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From the Desk of Marty Schaffel: A Path to Pain-Free

When I was 32, I had a severe problem with my back. I had a herniated disc and severe sciatic pain down my right side. When I would get out of my car, I would drop to my knees in pain. 

I went to see a neurosurgeon and begged him to operate. I told him I could no longer go on this way, and I needed help and substantial change – things could not go on as they were. The neurosurgeon told me that he could operate on me if I chose, but he also advised me that it might work – and it might not. He warned me that there were significant risks if he operated. 

Instead, he suggested that I spend four months doing physical therapy, stretching and swimming. He said that if I got up every day and did the right things, my existing situation likely would be fixed, and he would not need to operate. But if that did not work out, we would always have the surgical option. 

I did what he said. I got up every day and proceeded to stretch and swim. Within four months, the symptoms were gone, the pain was gone and the disc slid back in place. I have been pain-free ever since. 

The same goes for the ASHA working towards our initiatives.  As we sit here amid our in-person Fall Board of Directors meeting, I am inspired by the collective effort to commit to getting better every day.  I see our committees reporting progress towards their goals, ASHA, and ASR staff sharing their immense efforts to accomplish objectives set forth by the Board and the leadership of both the ASHA, ASR, UPHA and ASB Museum committing to making the everyday effort to make our breed community better. Yes, there has been pain. Yes, we have had issues. And yes, we all still want to make changes. But, as we sit around the table and present our work and ideas, we create a dialogue to find common ground and create positive collaborations.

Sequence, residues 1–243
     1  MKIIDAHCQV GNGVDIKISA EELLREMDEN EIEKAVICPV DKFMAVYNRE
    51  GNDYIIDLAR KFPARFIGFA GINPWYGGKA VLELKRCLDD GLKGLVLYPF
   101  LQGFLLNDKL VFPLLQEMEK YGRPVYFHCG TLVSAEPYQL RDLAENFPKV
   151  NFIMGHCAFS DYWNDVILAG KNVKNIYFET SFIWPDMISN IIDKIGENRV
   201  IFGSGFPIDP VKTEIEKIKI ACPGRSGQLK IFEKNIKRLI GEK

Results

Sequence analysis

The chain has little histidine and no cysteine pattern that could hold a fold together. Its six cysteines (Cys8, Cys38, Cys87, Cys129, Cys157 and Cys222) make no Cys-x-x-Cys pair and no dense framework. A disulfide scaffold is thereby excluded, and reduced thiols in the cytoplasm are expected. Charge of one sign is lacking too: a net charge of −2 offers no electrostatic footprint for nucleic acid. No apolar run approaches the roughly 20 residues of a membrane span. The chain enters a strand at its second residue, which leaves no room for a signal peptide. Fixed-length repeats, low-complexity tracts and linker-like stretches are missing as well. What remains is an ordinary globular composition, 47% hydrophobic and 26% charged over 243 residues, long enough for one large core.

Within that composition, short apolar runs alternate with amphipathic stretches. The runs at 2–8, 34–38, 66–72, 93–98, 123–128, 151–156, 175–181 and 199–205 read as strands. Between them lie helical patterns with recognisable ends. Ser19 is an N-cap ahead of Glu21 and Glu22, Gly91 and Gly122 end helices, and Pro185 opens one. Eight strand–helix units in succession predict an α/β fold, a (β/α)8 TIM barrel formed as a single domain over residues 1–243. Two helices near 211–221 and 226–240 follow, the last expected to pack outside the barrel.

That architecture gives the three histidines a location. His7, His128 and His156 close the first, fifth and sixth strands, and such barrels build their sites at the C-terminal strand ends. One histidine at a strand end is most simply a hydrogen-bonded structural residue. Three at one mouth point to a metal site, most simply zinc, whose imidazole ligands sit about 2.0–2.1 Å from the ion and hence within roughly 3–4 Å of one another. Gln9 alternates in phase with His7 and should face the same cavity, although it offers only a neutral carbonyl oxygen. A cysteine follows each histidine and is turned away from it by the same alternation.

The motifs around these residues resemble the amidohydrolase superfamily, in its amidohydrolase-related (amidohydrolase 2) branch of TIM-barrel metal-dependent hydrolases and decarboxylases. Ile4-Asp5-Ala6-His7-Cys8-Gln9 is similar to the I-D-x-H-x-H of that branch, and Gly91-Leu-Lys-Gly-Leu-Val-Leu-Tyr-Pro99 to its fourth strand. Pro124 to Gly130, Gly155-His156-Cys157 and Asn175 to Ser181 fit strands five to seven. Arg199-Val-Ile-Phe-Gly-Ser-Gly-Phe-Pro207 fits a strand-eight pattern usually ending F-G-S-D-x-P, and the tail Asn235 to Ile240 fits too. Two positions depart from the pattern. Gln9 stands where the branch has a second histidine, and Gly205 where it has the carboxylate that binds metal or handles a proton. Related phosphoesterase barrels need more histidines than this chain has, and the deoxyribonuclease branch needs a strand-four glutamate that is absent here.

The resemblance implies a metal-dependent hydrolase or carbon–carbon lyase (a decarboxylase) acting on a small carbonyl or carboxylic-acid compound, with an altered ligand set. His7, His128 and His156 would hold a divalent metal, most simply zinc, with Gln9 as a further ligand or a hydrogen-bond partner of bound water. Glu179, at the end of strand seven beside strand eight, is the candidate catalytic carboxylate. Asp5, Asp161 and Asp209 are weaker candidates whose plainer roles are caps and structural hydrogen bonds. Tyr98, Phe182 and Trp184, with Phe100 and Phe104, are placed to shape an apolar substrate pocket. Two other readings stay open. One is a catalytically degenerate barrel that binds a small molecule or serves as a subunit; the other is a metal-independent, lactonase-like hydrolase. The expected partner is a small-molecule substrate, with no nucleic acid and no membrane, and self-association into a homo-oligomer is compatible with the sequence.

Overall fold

I believe, much like what the neurosurgeon said to me about my back, that if we work together to do the right things, we can resolve our pain together. And if we truly work together instead of battle among ourselves, we can create a much better future for ASHA, our professionals, breeders and owners. 

If, after truly making our best effort to work together to resolve the issues causing our pain, and it does not work, then we should pursue surgery. But for now, let’s work together to fix what we have.

Marty Schaffel, ASHA Interim President

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